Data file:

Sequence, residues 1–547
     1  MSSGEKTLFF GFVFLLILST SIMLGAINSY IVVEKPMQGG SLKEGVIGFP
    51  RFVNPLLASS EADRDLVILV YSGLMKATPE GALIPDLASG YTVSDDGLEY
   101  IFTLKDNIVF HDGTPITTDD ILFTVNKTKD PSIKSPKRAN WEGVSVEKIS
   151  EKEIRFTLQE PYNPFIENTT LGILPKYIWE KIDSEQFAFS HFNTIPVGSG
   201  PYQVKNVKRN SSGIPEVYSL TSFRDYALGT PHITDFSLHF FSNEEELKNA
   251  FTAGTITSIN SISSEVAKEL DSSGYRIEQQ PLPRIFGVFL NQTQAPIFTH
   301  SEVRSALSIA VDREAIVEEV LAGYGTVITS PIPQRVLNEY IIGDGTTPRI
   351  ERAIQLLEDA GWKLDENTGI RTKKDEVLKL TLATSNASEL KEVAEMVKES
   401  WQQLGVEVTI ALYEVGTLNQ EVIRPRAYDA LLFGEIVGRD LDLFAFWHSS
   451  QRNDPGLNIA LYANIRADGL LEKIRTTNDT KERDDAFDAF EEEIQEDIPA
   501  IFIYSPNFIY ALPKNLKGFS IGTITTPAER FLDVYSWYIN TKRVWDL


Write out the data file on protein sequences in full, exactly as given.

Sequence, residues 1–547
     1  MSSGEKTLFF GFVFLLILST SIMLGAINSY IVVEKPMQGG SLKEGVIGFP
    51  RFVNPLLASS EADRDLVILV YSGLMKATPE GALIPDLASG YTVSDDGLEY
   101  IFTLKDNIVF HDGTPITTDD ILFTVNKTKD PSIKSPKRAN WEGVSVEKIS
   151  EKEIRFTLQE PYNPFIENTT LGILPKYIWE KIDSEQFAFS HFNTIPVGSG
   201  PYQVKNVKRN SSGIPEVYSL TSFRDYALGT PHITDFSLHF FSNEEELKNA
   251  FTAGTITSIN SISSEVAKEL DSSGYRIEQQ PLPRIFGVFL NQTQAPIFTH
   301  SEVRSALSIA VDREAIVEEV LAGYGTVITS PIPQRVLNEY IIGDGTTPRI
   351  ERAIQLLEDA GWKLDENTGI RTKKDEVLKL TLATSNASEL KEVAEMVKES
   401  WQQLGVEVTI ALYEVGTLNQ EVIRPRAYDA LLFGEIVGRD LDLFAFWHSS
   451  QRNDPGLNIA LYANIRADGL LEKIRTTNDT KERDDAFDAF EEEIQEDIPA
   501  IFIYSPNFIY ALPKNLKGFS IGTITTPAER FLDVYSWYIN TKRVWDL